Roughly 5 million males in the US report misusing either drugs or alcohol during the previous year.
There are some areas where men are less likely to engage with treatment than women, with sleeping tablet dependency, for instance. Overall, though, men are more likely to seek treatment for both alcohol use disorder and substance use disorder.
Men are more likely than women to develop severe addictions, and they are also more likely to present with co-occurring disorders, as well as polysubstance abuse (the abuse of more than one substance). Each gender has unique needs when it comes to substance use disorder, drug abuse and its effects are varied hence the need for gender-specific treatment programs.
Men and women use drugs for different reasons, too. Men often take drugs for the perceived benefits, from using alcohol or marijuana as a social lubricant, or relying on stimulants like cocaine and meth for increased energy at work. Men also use drugs to enhance mood and for the high delivered.
The male body composition and metabolism means it takes more alcohol or drugs to intoxicate men than women. While men are more likely to develop addictions, then, it takes longer for substance use to become problematic. Men are more likely than women to drink alcohol and smoke cigarettes. They are also more likely to smoke marijuana daily, and more prone to binge drinking. When it comes to stimulant use, it’s an even split between males and females.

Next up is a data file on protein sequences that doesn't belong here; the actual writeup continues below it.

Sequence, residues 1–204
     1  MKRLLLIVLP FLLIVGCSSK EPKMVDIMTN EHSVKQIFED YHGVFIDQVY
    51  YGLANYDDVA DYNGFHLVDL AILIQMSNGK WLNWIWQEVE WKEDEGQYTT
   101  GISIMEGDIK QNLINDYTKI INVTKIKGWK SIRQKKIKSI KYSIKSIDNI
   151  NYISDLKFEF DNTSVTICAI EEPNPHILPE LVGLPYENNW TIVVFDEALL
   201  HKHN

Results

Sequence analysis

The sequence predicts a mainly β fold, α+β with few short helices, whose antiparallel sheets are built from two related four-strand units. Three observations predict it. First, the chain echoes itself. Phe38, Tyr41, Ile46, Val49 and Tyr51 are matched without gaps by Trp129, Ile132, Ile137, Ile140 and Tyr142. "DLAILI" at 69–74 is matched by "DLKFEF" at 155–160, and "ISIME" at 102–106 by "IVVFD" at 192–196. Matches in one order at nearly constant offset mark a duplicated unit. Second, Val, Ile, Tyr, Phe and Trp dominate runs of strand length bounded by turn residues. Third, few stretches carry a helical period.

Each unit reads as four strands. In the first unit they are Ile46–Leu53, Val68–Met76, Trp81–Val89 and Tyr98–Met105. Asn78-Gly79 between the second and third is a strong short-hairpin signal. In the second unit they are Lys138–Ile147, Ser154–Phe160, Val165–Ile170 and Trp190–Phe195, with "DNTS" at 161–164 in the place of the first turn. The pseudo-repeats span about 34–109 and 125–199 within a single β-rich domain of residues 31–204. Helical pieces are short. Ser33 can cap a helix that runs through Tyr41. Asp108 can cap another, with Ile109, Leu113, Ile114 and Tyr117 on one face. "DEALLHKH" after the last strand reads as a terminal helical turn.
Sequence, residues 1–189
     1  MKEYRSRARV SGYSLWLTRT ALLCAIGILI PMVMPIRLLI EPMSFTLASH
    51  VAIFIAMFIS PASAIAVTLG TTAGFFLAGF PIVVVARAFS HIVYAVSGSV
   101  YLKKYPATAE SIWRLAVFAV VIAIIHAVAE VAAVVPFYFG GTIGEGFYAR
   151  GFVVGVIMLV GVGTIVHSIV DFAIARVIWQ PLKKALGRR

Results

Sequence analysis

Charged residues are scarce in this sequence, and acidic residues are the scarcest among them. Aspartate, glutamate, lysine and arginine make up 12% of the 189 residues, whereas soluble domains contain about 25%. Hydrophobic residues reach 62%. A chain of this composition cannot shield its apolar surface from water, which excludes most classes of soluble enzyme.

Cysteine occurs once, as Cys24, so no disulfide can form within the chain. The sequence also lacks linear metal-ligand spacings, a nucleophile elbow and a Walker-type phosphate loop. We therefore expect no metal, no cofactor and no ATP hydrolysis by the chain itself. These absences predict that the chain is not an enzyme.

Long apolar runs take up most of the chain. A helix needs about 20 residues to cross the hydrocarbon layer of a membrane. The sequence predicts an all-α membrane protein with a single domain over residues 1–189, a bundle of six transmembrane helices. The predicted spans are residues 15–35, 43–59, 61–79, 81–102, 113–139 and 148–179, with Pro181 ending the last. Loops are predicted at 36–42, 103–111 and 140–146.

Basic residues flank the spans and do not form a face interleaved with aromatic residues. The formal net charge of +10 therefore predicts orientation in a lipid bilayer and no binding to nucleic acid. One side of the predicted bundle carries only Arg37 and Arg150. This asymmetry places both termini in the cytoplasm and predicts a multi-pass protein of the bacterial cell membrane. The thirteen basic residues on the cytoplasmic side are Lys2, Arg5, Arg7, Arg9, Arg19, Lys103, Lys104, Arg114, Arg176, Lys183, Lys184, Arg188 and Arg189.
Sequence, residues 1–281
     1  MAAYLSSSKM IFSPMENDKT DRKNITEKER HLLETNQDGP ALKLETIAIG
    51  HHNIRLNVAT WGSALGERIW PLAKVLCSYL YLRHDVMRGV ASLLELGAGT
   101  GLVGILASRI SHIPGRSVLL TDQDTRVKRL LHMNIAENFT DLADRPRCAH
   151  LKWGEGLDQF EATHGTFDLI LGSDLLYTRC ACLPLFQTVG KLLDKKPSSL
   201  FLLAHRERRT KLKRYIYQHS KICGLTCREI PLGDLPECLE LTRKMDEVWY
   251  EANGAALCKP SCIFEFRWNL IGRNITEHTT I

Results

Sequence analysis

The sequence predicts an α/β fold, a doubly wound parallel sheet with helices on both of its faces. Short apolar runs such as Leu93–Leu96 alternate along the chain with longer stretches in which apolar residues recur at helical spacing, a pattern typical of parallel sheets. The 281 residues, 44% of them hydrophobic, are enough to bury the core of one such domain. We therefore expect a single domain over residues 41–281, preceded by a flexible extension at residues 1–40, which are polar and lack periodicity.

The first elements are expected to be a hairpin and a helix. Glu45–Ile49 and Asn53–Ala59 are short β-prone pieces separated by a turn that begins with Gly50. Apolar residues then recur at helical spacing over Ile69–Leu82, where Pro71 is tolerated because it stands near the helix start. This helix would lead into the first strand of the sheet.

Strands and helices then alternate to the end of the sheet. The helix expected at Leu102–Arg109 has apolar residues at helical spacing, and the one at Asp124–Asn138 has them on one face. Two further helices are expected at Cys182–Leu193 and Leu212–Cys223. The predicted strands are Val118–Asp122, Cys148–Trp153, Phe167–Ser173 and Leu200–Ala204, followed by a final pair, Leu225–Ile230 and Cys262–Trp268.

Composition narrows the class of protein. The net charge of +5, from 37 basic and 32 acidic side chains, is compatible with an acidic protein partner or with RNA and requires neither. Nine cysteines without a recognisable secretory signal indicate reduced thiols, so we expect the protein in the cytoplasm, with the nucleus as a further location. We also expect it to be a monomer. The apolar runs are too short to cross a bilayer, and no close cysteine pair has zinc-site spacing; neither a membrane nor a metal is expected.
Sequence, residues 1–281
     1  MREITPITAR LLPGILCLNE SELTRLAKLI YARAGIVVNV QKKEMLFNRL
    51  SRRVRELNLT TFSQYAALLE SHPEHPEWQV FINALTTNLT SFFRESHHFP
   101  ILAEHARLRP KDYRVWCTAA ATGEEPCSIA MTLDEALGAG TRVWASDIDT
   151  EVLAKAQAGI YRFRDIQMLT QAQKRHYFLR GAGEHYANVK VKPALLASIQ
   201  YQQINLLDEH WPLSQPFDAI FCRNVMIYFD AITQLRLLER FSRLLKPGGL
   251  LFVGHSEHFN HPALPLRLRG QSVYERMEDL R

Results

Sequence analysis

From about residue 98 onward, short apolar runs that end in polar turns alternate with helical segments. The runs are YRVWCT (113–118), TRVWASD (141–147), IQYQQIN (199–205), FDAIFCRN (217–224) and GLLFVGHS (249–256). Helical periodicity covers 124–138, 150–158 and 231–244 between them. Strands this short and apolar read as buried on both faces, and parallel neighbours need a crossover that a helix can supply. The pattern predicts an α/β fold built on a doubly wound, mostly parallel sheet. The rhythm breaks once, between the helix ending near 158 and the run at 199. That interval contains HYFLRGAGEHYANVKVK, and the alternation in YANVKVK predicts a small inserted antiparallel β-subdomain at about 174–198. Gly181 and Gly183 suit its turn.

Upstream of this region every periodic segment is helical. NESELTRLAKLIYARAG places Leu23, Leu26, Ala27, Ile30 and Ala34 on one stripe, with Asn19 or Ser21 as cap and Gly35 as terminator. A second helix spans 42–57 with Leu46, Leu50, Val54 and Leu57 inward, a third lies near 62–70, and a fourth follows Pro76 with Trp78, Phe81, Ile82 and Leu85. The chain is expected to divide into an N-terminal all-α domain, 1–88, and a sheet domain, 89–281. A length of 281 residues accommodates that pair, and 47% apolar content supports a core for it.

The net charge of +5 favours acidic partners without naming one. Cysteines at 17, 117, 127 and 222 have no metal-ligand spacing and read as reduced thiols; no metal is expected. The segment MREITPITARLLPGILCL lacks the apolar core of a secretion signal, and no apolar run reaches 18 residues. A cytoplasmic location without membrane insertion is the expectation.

Men’s Rehab and Aftercare
Since the addiction treatment model was based on treating men, regular programs are typically ideal for males with alcohol use disorder or substance use disorder.
There is some evidence to suggest that men benefit from longer treatment times. Aftercare should be tailored accordingly.
Women and Substance Abuse
Almost 16 million women in the United States reported using drugs in the previous year, with 4.6 million abusing prescription medication, according to NIDA data.
Women develop substance use disorders more rapidly than men. They are also more likely to experience panic attacks, and more likely to have a co-occurring anxiety disorder.
Women are more likely than men to seek help for the abuse of sleep aids than men. Overall, women are less likely to engage with addiction treatment, in part because of the stigma of female addiction that still lingers.
Typically, women abuse substances as a response to trauma, abuse, or pressure (both social and psychological).